We are getting close to the official launching of awards season. The Gotham Awards are nice and all but they are very much like pre-season sports. You can choose to look if you want, but the results are not going to factor much of anything once the real games begin. Such is the danger in declaring any of the major Oscar races over at such an early date. Though many of the categories will come into focus by the end of December, the next 6-8 weeks are going to be filled with excitement over the myriad of choices fighting it out for the few spots not already taken.

At this point, one thing all the guess makers can all agree on is that Colin Firth is on the fast track for a Best Actor nomination for 'The King's Speech' and may just be the frontrunner to win it all. The deserved buzz for James Franco's one-man show as trapped hiker, Aron Ralston, in Danny Boyle's amazing '127 Hours' will also be hard to escape once it opens in a few weeks. These two performances mean that Robert Duvall's turn as the funeral-throwing hermit in 'Get Low' has lost a bit of its luster as a lock. Aside from Leonardo DiCaprio's double-billed work in 'Shutter Island' and 'Inception,' there are few individual achievements worth remembering from the first two-thirds of 2010. Provided that voters do indeed remember. Get those screeners out there, Sony Classics. And don't forget the critics groups either.

Firth, Franco and Duvall certainly make for a solid list of locks, but it is always what makes up the final two where the excitement begins. There are, give or take, nine actors likely battling it out for those spots. Pulling up the rear on that exclusive list is Sean Penn in 'Fair Game' who is fine in the film, but playing Sean Penn more than Joe Wilson. Stephen Dorff's work in Sofia Coppola's 'Somewhere' was expected in some circles to be the breakthrough comeback of the season, but a lukewarm response to the film itself thus far may have lessened his chances as fest critics have not given him the love fest that Firth and Franco have received. Another performance in waiting is Mark Wahlberg as boxer Mickey Ward in David O. Russell's 'The Fighter'. Will we get the Wahlberg we loved in 'Boogie Nights', the tough guy routine from his Oscar-nominated role in 'The Departed' or the sleepy Wahlberg from films like 'Invincible' and 'The Happening'? It certainly looks like a film right in his element, but anyone who has seen the trailers knows the focus is going to be on Christian Bale. More on that in a moment.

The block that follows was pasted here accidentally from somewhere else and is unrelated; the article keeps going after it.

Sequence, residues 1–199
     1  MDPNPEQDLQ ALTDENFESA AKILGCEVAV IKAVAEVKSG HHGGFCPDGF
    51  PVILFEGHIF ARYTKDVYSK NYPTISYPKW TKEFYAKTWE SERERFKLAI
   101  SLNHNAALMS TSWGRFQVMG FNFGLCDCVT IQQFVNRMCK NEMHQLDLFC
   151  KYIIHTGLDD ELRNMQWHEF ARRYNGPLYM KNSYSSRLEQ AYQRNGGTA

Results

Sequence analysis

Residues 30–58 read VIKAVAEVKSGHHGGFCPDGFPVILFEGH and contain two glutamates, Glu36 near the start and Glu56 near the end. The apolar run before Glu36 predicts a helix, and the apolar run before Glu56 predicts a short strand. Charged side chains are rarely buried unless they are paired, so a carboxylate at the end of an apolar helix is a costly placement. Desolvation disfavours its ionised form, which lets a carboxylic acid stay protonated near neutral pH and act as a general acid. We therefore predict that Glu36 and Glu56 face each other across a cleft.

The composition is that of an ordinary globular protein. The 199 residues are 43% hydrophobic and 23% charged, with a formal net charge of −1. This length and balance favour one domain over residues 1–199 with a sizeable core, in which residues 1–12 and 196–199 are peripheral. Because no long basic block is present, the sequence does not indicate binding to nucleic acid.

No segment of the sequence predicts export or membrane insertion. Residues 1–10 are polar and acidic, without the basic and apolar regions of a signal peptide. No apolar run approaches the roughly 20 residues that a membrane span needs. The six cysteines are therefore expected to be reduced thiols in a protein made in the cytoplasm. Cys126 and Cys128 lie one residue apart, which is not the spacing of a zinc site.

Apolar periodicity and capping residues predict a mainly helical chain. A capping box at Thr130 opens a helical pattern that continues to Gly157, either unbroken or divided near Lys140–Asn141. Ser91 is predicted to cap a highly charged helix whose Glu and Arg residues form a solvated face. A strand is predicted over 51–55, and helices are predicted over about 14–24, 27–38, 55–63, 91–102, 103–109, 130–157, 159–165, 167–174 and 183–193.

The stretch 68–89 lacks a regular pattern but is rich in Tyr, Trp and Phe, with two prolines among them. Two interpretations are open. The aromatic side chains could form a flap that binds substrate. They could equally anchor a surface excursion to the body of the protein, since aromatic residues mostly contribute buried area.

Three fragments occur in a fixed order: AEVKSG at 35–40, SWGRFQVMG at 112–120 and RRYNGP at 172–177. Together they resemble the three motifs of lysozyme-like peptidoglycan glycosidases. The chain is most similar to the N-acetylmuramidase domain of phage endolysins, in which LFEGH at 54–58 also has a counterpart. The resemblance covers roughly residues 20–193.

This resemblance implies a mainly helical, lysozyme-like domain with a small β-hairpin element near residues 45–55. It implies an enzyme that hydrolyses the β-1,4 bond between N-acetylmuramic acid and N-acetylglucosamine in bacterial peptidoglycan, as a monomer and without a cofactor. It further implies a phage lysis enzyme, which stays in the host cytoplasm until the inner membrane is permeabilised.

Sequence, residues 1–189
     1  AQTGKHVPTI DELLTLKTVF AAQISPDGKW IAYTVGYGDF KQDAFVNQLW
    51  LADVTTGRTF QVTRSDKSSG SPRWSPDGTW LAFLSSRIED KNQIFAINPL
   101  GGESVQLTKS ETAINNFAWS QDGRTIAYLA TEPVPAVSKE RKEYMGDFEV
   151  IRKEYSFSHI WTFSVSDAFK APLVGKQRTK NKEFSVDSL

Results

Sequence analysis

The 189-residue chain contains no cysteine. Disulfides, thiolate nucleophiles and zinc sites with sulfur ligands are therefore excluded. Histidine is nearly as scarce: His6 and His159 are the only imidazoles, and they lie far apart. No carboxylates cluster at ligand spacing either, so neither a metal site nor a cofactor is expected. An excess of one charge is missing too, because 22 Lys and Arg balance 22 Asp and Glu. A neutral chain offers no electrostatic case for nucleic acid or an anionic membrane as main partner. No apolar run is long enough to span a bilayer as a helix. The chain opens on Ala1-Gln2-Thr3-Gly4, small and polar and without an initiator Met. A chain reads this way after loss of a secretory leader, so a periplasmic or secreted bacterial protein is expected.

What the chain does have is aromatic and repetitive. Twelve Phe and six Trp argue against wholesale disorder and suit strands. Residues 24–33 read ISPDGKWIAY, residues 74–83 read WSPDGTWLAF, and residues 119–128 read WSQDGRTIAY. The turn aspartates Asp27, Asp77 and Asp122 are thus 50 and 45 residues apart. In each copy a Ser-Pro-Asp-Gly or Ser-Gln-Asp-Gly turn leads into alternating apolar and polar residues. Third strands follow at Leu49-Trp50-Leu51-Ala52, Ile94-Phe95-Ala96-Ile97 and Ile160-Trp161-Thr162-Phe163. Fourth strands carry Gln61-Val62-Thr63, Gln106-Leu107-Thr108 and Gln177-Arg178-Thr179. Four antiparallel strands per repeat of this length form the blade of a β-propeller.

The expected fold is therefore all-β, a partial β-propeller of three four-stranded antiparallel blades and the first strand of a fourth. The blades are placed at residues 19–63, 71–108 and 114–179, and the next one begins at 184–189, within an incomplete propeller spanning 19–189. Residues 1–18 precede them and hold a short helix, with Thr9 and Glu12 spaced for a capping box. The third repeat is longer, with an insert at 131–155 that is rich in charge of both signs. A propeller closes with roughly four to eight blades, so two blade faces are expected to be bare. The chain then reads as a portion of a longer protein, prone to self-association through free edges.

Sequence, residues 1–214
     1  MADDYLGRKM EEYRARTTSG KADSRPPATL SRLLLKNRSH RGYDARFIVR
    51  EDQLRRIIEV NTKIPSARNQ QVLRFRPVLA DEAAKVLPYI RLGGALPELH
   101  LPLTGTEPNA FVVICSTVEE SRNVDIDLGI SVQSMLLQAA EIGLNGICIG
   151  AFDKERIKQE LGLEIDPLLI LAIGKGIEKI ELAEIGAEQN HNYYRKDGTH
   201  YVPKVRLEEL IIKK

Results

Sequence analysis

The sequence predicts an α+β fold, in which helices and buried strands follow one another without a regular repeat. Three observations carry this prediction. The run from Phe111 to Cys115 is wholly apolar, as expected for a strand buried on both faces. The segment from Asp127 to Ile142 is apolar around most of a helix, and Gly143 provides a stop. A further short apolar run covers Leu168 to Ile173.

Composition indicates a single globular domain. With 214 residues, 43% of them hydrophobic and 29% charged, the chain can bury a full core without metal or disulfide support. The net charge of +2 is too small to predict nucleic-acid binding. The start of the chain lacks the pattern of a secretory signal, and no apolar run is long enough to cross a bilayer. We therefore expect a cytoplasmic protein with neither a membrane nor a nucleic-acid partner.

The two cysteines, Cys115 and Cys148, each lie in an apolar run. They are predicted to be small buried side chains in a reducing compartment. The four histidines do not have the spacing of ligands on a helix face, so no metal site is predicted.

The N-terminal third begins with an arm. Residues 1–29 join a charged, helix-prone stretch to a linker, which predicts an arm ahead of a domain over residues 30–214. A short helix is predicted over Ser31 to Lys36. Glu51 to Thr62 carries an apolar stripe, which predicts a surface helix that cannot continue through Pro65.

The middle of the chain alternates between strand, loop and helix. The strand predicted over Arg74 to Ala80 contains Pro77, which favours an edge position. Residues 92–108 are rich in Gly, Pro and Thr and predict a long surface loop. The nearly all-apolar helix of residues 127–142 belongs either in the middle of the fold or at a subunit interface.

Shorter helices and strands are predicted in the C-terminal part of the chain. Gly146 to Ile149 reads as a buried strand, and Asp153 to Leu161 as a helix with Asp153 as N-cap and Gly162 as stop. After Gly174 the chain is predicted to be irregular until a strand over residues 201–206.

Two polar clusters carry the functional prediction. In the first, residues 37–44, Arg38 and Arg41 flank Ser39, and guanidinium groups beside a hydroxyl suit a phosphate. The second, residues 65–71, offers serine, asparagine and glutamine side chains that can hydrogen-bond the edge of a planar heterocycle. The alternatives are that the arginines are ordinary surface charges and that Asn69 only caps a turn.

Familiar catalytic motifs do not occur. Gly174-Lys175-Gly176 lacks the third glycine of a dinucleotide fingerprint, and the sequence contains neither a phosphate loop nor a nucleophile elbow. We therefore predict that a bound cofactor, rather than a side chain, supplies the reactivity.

Leonardo DiCaprio deserves every consideration for his stellar work this year. And if either his films had received a post-October launch, we might have four locks on the list. He may still be ahead of Jim Broadbent as the everyday husband of Mike Leigh's 'Another Year', who may also be walking in the shadow of co-star Lesley Manville. But it may be opening right in the heat of things and give him an edge. Except there are still four more actors to consider.

If you follow some Oscar columns, you may have read that the Coen Bros' 'True Grit' has already won the Best Picture Oscar. Considering that nobody has seen it yet, that is quite a boastful read into the future. The speculation is hard to avoid though, especially when it has been going on since it was confirmed that Joel & Ethan were prepping the remake of the film that won John Wayne his Oscar. Jeff Bridges won his for 'Crazy Heart' last year. Too soon? He beat Colin Firth last year and the roles may just be reversed this time. But if anyone is capable (and deserving) to pull off the back-to-back wins, it would be Bridges. One step at a time though. It is easy to see him getting nominated again.